Talking Minor Leaguers With Paul Molitor

Hall of Famer Paul Molitor was in Cedar Rapids over the course of most of the past homestand in his capacity with the Twins organization.

Molitor was gracious enough to answer some questions last Thursday, the first day of his stay in Cedar Rapids, as well as a few follow-up questions Monday afternoon after the final game of the Kernels’ homestand.

I used several excerpts from the Thursday interview in an article posted at MetroSportsReport.com last week, but there was so much good material that I couldn’t fit in to that article. So, I’m sharing all of Molitor’s comments here.

First off, I asked Molitor to describe his formal role these days with the Twins organization.

Molitor: Titles are overrated a little bit. Technically, part of the player development team. I’m the Minor League Coordinator for Baserunning and Infield Play. It’s an opportunity for me to travel around the system and help try to teach, along with the staff on each club and I do focus on those two areas but invariably get involved with some of the hitting aspects.

Our hitting coordinator for minor leagues does an incredible job, considering you have to try to put a hit plan together for about 200 guys.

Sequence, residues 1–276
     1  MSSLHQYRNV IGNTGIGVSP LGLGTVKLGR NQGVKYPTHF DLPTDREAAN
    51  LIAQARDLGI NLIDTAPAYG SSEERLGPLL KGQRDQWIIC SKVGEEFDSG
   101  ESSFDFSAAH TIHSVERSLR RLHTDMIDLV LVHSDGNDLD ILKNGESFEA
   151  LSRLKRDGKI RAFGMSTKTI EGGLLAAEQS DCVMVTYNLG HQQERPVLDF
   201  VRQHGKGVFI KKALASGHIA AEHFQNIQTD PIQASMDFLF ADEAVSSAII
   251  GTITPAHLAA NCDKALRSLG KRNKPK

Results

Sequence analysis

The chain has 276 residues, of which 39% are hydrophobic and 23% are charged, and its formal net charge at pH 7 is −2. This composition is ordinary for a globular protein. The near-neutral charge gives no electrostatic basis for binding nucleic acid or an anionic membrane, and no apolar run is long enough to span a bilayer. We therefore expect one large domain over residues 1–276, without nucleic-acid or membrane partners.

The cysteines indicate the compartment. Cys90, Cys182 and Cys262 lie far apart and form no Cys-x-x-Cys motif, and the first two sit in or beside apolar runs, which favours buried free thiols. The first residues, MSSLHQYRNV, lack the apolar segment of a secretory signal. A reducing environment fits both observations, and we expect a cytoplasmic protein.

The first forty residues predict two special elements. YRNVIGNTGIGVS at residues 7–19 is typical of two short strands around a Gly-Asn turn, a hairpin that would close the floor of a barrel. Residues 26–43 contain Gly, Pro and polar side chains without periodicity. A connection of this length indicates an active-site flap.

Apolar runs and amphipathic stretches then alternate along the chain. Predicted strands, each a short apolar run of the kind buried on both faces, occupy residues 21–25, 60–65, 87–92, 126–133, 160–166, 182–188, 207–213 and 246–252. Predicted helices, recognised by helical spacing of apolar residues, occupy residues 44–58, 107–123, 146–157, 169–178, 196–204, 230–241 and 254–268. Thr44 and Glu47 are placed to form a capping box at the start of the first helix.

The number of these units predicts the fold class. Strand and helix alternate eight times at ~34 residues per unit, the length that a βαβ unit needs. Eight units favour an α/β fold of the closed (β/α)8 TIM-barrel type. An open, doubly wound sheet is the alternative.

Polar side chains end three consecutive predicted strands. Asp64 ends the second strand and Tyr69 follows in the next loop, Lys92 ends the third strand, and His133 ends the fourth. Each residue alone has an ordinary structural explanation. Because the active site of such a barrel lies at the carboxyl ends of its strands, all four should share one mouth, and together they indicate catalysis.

One of the things I enjoy, in addition to the teaching is that a lot of these guys are transitioning from wherever their roots have brought them from and it’s a process of evolving from sometimes teenagers in to men and so there’s mentoring involved, too. Just how to help these guys develop an understanding of the professional life style. We try to do what we can to try to help them progress in those areas, too.

Paul Molitor (4) observing Kernels C Jhonatan Arias (23) take batting practice

Paul Molitor (4) observing Kernels C Jhonatan Arias (23) take batting practice

I mentioned that a lot is made about players having to transition to using wood bats and asked Molitor if he thought that was toughest thing about transitioning to the professional game for young players.

Molitor: Some of the collegiate kids have had a chance to play in wood bat leagues in the summer time.

A lot of times it’s a big transition just from maybe never having left home, particularly maybe never left your country and you have to try to claw your way in to professional ball and learn a system that particular organization teaches.

We don’t try to overwhelm them. We let them play a little bit in the beginning til we kind of get a feel for who they are and what they do, what they do well and what we need to improve on. But the transition can be tough, depending on the guy’s experience.